Editorial Feature

Origami Worm Robot Aids Biomedical Soft Robotics

Origami folding and actuation mechanisms result in structures with several properties and functionalities. Research involving the fabrication and comparison of different cylinder origami robot designs has been recently published in the journal robotics

robots, origami

Image Credit: Duet PandG/Shutterstock.com

Origami-like folding is a cost-effective structural design that retains flexible and stiff characteristics. By utilizing an appropriate actuation method, origami-folded structures can be employed in various fields. For example, medical stents require easy expansion and reduction of size when trying to navigate narrow spaces. 

Suitable actuation mechanisms may be pneumatic, tendon-driven, magnetic, piezoelectric, or shape memory alloys. Each method has its own set of disadvantages, such as control difficulty when traveling through narrow complex pathways, achieving sharp turns in narrow paths, and leaking.

Shape memory actuation cannot be used where quick movement of the robot is involved. However, earlier studies have identified magnetic fields as a more suitable actuation mechanism. Permanent magnets, in particular, are easily controllable and can be scaled up or down to the needed application. 

This research reveals an origami-based soft robot containing various configurations of iron (paramagnetic) sheets actuated with a permanent magnet (ferromagnetic), creating three locomotions (rolling, peristaltic, and turning) in three various environments (sandpaper, board, and sand).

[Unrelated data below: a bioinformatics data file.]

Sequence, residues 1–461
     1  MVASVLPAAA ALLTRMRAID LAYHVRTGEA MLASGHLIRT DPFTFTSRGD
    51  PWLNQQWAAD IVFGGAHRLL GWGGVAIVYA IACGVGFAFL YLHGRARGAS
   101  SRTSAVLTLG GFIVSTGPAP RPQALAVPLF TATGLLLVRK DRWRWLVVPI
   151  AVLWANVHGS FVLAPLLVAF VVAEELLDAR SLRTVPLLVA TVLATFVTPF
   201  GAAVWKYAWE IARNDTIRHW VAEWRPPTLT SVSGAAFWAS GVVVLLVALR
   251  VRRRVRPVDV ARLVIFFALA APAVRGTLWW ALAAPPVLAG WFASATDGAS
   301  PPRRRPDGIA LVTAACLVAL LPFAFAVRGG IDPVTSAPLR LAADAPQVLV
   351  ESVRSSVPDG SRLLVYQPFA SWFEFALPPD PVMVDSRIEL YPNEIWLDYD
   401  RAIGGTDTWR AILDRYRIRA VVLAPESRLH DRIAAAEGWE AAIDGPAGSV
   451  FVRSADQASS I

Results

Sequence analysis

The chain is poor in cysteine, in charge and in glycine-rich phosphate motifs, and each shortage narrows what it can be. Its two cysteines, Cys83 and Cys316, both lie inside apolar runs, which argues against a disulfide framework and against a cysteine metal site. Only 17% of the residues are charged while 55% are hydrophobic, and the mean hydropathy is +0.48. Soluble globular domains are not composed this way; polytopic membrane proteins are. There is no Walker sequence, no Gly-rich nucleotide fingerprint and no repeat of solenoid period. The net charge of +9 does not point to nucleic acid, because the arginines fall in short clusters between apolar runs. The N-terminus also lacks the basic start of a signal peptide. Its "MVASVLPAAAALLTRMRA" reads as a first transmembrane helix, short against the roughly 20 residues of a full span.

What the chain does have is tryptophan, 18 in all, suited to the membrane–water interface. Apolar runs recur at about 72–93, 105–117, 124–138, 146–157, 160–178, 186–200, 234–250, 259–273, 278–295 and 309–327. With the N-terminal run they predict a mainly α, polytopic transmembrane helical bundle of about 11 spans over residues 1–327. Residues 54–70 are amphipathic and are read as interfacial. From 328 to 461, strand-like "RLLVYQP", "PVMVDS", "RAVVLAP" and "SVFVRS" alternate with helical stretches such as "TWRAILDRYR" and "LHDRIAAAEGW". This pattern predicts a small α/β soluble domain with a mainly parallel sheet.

An external permanent magnet was used to observe the displacement and velocity changes in the proposed designs.

Researchers also analyzed methods to enhance the design to advance robots in biomedical applications like colonoscopy and endoscopy.

Methodology

The soft robot has a backbone that is paper-based with iron sheets (paramagnetic) attached. Figure 1 details the various steps in creating this structure, and the three various configurations of placement of iron sheets.

(a) Steps involved in the folding of the origami robot. (b) Design 1 arrangement of iron sheets in origami robot. (c) Design 2 arrangement of iron sheets in origami robot. (d) Design 3 arrangement of iron sheets in origami robot.

Figure 1. (a) Steps involved in the folding of the origami robot. (b) Design 1 arrangement of iron sheets in origami robot. (c) Design 2 arrangement of iron sheets in origami robot. (d) Design 3 arrangement of iron sheets in origami robot. Image Credit: Kalairaj, et al., 2021.

A design that permits compression and expansion in the horizontal direction without changing the vertical direction forms the basis of the soft robot, which mirrors the peristaltic movement in earthworms.

The folded structure of the soft robot was an octagonal cylinder whose open edges were closed with PVA adhesive. This forms the passive backbone of the soft robot.

The cylinder was coated with paramagnetic material and iron sheets were utilized as the paramagnetic material for assembly in the robot. Numerous iron sheets were arranged on the mountain folds of the paper backbone in three various configurations (design 1, design 2, and design 3), enabling different movements of the robot when actuated using a permanent magnet.